Ginseng is an herb that grows primarily in Southeast Asia and is used as an adaptogen, aphrodisiac and stimulant. Moreover, ginseng is prescribed for a number of maladies such as sexual dysfunction in men and Type II diabetes, and is also used an agent to enhance longevity or combat stress or anxiety. There are many different types of ginseng, including American ginseng, Panax quinquefolius. It can be found in energy drinks such as Monster Energy.
Extracted from the seeds of female ginkgo trees, ginkgo has been used for the treatment of sexual dysfunction, memory loss, Alzheimer’s disease, vertigo, circulatory problems, tinnitus and many other medical conditions. Ginkgo is commonly found in Steven Seagal’s Lightning Bolt.
Milk Thistle (or its major extract silymarin) has been used to improve liver function, particularly regarding the treatment of serious liver diseases such as hepatitis, cirrhosis and mushroom poisoning. Since the sixteenth century, the roots of the plant have been eaten. Milk Thistle can be found in so-called juice energy drinks such as Berry Crunk.
High intensity sweeteners are used for “diet” energy drinks. But these artificial sugar substitutes add little or no energy or medicinal properties to the drink. In the United States, the Food and Drug Administration has approved six of these substitutes: stevia, aspartame, sucralose, neotame, acesulfame potassium and saccharin. There is ongoing controversy whether these artificial sweeteners pose a health risk.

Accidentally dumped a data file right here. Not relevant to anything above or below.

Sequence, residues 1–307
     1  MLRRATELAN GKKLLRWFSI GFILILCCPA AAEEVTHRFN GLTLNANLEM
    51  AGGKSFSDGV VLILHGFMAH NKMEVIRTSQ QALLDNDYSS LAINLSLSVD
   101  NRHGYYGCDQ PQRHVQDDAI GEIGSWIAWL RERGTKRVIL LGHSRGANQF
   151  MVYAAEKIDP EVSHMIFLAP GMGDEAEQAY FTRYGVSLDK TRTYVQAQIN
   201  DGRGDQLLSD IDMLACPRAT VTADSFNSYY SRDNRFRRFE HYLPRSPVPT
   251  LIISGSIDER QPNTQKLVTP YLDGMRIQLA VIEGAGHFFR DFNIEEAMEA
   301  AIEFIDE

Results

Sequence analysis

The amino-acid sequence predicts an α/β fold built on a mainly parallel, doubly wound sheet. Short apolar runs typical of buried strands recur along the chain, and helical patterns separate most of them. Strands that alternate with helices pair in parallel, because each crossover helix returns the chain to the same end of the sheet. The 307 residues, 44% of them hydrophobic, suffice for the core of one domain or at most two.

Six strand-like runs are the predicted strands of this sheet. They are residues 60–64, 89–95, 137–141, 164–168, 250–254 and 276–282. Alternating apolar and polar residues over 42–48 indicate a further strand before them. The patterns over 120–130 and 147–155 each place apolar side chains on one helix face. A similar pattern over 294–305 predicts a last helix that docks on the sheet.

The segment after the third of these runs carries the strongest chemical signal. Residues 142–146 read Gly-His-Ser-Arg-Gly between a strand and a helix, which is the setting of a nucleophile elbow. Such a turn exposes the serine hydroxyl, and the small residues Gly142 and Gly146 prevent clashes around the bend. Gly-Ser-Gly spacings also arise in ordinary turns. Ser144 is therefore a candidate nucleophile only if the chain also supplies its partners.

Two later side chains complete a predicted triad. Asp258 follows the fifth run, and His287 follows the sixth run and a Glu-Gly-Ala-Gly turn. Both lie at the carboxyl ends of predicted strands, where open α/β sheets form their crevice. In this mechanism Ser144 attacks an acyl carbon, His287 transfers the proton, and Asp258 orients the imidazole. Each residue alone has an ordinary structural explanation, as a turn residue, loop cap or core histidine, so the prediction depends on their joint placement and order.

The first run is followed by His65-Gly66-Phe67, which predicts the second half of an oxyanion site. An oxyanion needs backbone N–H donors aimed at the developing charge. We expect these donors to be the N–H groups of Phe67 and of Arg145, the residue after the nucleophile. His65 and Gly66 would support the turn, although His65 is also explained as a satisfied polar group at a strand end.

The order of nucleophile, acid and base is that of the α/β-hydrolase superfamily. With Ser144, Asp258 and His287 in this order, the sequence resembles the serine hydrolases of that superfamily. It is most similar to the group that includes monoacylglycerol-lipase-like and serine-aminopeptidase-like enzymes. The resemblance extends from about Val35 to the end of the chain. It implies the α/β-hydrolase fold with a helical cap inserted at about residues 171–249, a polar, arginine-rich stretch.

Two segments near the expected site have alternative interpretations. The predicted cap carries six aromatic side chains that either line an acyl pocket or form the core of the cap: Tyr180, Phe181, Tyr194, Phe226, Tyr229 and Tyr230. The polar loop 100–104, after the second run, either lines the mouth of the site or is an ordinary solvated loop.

Prickly Pear Extract comes from the Opuntia or paddle cactus, particularly the species known as the Indian fig Opuntia, which is native to deserts of the American Southwest and Mexico. The fruit of the cactus can be eaten and contains numerous medicinal alkaloids, many of which contain antioxidants that may be useful in the treatment of Type II diabetes and hangovers. Some species of the cacti contain entheogens such as mescaline.
Cordyceps is a species of fungi that yields numerous medicinal applications. The best known species is Cordyceps sinensis, which has been useful in preventing liver damage during radiation treatment; it may also yield an anti-depressant, and may be useful as well in the treatment of insulin resistance, kidney failure or senescence. Moreover, Cordyceps may boost physical performance, which is why it’s found in many energy drinks.